An anterior cruciate ligament sprain or tear is one of the commonest knee injuries. People who play fast sports such as basketball, skiing, football and rugby are more likely to injure their cruciate ligaments.
When you injure your cruciate ligament, the treatment depends on the severity of the injury and your level of activity. You may need surgery to regain the full function of your knee in the activities you wish to perform.
The anterior cruciate ligament or ACL is one of the “big four” knee ligaments and stabilises the knee. With an ACL tear the knee is usually unstable in quick movements, decelerations and twisting manoeuvres.
Anterior Cruciate Ligament Anatomy
The knee has four major ligaments to keep it stable and guide movement during normal activities. The cruciate ligaments control forward and back movements of the knee joint and are important in the joint position sense of the knee.
The anterior cruciate ligament consists of two main bands of tissue making up a dense, strong, rounded ligament. It runs from the femur above to the tibia below. The ACL is the main limiter of “anterior translation of the tibia” when the shinbone slides forwards under the thighbone. It also contributes to control of knee rotation and sideways movement.
Anterior Cruciate Ligament Injuries
Around 50% of ACL injuries involve damage to other knee structures, such as the joint cartilage, other ligaments and the menisci.
A sprain is the name given to an injured ligament and ACL injuries are graded by their severity:
- Grade 1 Sprain. The ligament has sustained mild damage such as a stretch and is still capable of its stabilising role.
- Grade 2 Sprain. The ligament is stretched beyond its recovery point and is then lengthened and loose. This may be called a partial tear and may result in reduced knee stability.
- Grade 3 Sprain. Complete rupture of the ligament so it cannot function to stabilise the knee in the normal way.
Most ACL injuries are complete tears or almost complete tears.
What Causes Anterior Cruciate Ligament or Rupture?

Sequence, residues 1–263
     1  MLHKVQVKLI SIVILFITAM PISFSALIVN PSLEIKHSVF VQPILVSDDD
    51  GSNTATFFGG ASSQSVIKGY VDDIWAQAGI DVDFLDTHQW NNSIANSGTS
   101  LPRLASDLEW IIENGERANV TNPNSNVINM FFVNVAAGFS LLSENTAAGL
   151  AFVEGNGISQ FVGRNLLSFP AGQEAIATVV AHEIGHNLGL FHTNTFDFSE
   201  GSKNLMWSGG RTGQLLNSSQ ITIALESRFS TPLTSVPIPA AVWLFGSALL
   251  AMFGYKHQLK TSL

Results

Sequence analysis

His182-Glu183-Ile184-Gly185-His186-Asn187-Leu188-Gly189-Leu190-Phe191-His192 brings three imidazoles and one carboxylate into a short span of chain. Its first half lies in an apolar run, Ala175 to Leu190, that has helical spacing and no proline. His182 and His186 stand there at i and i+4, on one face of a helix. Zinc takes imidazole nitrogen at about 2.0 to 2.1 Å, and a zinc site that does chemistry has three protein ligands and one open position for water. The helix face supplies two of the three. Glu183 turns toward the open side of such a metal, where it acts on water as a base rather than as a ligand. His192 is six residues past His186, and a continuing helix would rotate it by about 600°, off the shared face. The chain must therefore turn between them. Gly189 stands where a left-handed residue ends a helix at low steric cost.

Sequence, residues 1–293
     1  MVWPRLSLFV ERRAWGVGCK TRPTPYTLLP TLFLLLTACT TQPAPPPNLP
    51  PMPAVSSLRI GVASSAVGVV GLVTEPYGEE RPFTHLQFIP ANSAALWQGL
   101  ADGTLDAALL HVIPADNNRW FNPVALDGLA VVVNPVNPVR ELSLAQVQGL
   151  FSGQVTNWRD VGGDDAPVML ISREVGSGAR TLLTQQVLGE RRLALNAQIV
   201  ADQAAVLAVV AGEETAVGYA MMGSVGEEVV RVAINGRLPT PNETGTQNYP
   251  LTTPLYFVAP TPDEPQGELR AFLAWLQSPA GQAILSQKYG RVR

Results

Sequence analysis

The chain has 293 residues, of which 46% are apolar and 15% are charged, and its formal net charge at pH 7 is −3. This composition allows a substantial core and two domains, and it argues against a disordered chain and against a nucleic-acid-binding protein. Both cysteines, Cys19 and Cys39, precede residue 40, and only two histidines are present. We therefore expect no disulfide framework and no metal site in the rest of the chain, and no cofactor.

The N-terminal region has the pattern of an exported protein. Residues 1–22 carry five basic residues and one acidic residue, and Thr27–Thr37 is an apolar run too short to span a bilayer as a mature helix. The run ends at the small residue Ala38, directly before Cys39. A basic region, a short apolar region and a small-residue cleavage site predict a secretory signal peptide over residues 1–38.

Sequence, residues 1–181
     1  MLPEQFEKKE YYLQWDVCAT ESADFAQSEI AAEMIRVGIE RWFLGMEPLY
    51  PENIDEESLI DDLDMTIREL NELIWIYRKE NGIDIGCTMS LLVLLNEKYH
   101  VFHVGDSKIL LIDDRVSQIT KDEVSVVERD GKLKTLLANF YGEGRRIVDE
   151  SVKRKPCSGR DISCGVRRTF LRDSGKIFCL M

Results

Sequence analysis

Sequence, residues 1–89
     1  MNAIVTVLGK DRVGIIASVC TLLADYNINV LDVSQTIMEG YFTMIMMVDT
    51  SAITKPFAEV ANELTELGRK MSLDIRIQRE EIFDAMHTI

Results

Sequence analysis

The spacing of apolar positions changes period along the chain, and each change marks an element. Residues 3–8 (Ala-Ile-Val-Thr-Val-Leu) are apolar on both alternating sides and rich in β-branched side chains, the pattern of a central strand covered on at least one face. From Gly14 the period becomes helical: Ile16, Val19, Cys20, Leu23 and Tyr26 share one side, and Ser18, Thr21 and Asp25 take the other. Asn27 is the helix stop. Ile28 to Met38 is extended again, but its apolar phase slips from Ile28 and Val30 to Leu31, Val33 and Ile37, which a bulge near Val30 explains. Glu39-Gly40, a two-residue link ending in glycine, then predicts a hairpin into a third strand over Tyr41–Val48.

An ACL injury is often caused in low violence activities such as:
- Decelerating from speed when running
- Rapid change of direction at speed (cutting)
- Sudden stopping from speed
- Landing awkwardly after jumping
- Contact injuries where rotation is occurring in the joint at the time
Around half of people with ACL injuries also suffer from a meniscus tear at the same time, mostly of the medial meniscus.
Who Gets Anterior Cruciate Ligament Injury?
ACL injury can occur in many activities, but the most risky activities are football, skiing and basketball. Women are more likely to suffer ACL injury in such activities. There are many proposed reasons for this but the exact reasons are not known.
What Are The Consequences Of ACL Injury?
An ACL-deficient knee may have damage to the medial meniscus and the cartilage covering of the knee joint. Pain and instability (a tendency of the knee to give way under loads) can be a continuing problem. An increased risk of degenerative changes over time has lead to ACL reconstruction becoming very frequent.
ACL Tear Symptoms
- Non-contact injuries involve the athlete suddenly changing direction or landing from jumping on a straight leg whilst rotating.
- The knee swells quickly over a few minutes or hours as the ruptured ligament bleeds into the knee joint.
- The swelling, pain and lack of stability means that players cannot continue with the activity they were doing.
- High trauma and contact causes a series of injuries such as ACL injury, MCL injury and medial meniscus injury all together
- There may be loss of full motion of the knee, tenderness along the joint itself and pain on walking.
Assessment of the stability of the knee and the state of the ACL cannot usually be performed soon after the injury. The swelling and pain makes examination difficult and the knee first needs to settle with physiotherapy and rest.
A doctor will take the history and examine the knee. X-rays may be taken to show whether there is any bony injury around the knee. MRI scanning shows the ligament well but is not usually necessary to make the diagnosis as the examination usually does this.
Treatment Of An ACL Tear
What treatment is recommended depends on the age, activity and needs of the patient. A young sports person will likely need a reconstruction to be able to go back to what they love doing. An older person with a more sedentary lifestyle may manage with rehabilitation and strengthening.